Students looking to meet Lucy in the sky with Diamond’s legal cousin may be out of luck if a proposed salvia divinorum sale ban passes.
Boston City Council pushed for a ban on sale of the psychoactive substance, which is currently legal in Massachusetts, in a public hearing held on Tuesday, calling it dangerous and a possible gateway drug.
‘ ‘Clearly this drug has serious hallucinogenic effects on individuals,’ Rep. Vinny deMacedo (D-Plymouth) said.
‘ DeMacedo has been spearheading a legislative campaign since last year that would ban the sale of salvia in Boston.
The drug, sold in herbal form, is available for legal purchase at local head shops. It can be chewed or smoked to induce a high.
Salvia ‘induces a variety of effects, including disassociation, the feeling as if your mind is disconnected from your body,’ Dr. Sharon Levy of Children’s Hospital Boston said in support of deMacedo and the City Council’s proposal.
Salvia is beginning to gain popularity, especially among young adults, deMacedo said.’
The drug is currently unregulated in most of Massachusetts, but West Bridgewater banned the sale of the drug in April 2008.
‘ Councilor Rob Consalvo (Hyde Park) backed deMacedo’s plan to prohibit the sale of salvia.
‘ ‘I believe we have a responsibility to step up to the plate and try to regulate salvia,’ Consalvo said. ‘We can get ahead of the curb and be proactive instead of reactive.’
‘ YouTube videos of teenagers using salvia are evidence of the drug’s potential dangers, both Consalvo and deMacedo said.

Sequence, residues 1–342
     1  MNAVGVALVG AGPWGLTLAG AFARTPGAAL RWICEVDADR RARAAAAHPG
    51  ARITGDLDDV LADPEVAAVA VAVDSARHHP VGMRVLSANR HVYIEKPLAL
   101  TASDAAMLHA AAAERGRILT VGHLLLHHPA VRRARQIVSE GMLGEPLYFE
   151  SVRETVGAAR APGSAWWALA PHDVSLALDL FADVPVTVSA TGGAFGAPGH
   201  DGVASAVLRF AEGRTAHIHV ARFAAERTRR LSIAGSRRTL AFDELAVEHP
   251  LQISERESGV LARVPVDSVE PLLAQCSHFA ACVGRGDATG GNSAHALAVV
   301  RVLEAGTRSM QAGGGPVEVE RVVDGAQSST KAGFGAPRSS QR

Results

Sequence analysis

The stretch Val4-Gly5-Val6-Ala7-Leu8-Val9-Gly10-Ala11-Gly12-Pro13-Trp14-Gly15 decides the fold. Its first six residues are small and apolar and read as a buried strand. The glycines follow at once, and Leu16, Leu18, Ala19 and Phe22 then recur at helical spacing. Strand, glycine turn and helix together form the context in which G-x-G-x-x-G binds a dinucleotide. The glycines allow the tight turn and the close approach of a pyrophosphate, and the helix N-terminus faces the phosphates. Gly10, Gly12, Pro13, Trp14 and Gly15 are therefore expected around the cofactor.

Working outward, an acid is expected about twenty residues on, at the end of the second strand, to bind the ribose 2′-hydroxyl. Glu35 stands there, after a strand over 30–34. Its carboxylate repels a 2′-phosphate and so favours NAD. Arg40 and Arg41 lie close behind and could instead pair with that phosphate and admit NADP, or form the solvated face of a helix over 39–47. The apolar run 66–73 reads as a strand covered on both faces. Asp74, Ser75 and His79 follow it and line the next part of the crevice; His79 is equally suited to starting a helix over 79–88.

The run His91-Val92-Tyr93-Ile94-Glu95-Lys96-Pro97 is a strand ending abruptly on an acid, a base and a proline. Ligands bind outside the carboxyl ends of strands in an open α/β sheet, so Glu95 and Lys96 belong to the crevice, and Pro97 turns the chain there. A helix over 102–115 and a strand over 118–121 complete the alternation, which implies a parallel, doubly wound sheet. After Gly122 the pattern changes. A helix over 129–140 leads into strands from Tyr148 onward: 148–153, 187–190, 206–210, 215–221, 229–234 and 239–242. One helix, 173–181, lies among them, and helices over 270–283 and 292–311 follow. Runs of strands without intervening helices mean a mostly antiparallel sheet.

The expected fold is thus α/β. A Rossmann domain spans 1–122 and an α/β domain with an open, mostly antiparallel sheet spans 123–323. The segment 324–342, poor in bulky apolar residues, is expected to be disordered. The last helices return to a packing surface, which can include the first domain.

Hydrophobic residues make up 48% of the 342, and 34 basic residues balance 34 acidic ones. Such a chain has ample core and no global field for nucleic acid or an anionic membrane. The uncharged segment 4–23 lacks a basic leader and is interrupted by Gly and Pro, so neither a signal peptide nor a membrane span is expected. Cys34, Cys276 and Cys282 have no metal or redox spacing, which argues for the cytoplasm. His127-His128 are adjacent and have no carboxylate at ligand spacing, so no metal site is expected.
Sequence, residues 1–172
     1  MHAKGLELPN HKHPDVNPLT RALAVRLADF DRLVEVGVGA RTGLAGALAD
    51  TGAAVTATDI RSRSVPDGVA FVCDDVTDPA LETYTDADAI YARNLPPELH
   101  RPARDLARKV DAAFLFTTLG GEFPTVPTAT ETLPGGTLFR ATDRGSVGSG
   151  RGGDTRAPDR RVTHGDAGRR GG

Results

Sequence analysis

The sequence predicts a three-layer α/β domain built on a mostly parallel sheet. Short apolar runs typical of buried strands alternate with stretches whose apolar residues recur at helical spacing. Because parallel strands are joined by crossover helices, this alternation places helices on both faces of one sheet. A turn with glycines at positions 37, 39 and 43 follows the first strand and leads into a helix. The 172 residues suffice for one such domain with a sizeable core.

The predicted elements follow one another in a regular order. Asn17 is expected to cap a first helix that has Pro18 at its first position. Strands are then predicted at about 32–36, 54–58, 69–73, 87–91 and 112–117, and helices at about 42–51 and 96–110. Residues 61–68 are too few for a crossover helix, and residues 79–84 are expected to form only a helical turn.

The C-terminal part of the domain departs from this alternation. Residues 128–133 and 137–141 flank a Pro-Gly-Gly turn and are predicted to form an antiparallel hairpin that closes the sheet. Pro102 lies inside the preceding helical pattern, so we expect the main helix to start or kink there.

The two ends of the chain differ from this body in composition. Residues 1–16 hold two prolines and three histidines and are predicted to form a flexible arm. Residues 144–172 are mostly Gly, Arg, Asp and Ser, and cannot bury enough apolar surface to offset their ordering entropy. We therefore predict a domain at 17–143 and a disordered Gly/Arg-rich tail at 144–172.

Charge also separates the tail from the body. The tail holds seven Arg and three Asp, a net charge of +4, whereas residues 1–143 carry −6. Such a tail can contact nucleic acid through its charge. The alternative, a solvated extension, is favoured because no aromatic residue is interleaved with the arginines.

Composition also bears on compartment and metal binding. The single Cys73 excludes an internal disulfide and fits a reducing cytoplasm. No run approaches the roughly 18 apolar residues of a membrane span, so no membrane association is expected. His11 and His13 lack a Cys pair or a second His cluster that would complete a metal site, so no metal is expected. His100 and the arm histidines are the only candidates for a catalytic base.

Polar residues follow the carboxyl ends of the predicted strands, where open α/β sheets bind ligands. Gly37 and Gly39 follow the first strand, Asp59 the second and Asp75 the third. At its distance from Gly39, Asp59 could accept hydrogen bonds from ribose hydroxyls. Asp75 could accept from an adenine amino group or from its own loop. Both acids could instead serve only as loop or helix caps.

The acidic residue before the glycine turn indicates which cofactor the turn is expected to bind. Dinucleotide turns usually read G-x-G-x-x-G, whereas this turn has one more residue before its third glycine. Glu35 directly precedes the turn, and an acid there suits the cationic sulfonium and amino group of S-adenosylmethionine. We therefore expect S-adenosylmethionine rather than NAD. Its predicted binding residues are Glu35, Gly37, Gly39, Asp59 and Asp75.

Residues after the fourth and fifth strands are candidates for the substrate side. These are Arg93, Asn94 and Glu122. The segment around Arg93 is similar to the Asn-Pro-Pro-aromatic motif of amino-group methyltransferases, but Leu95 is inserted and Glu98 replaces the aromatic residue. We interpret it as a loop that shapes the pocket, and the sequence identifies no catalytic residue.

‘ ‘In the videos you can see people trying to eat their phones or bags,’ deMacedo said. ‘In that window of time [when you are hallucinating], you could do something to harm yourself, not to mention the long-term effects salvia could have on your brain.’
‘ Councilor Maureen Feeney (Dorchester) questioned why anyone would want to induce a hallucinogenic experience.
‘ ‘There are people who say that anytime you ban something you make it more desirable,’ she said. ‘I would suggest that as parents, we try to do what’s best for our children, and as legislators, we should try to create the safest environment for the people who live here.’
‘ Boston Police Department Lieutenant General Stephen Mead lent his support to the salvia ban.
‘ ‘My experience with salvia is that it’s part of the drug culture,’ he said. ‘[BPD] supports banning it in Boston.’
‘ When the council opened up the discussion to the public, some accused the councilors of ‘reacting out of fear,’ claiming salvia is ‘introspective’ and ‘lets you see things you don’t normally see.’
‘ Northeastern University professor John Swain said salvia is ‘amazingly nontoxic and has no evidence of being addictive.’
‘ ‘It’s important for people to know the truth,’ Swain said. ‘It’s a disservice to the public to lump salvia with drugs like cocaine and heroin.”
‘ Emerson College sophomore Paul Davenport, who said he disagreed with the proposed ban, admitted to using the drug in an interview with the Daily Free Press.
‘ ‘I’ve used it a few times,’ he said. ‘It’s not addictive at all. After I used it last semester, I never wanted to use it again. It’s five to 10 minutes where you don’t know where you are.’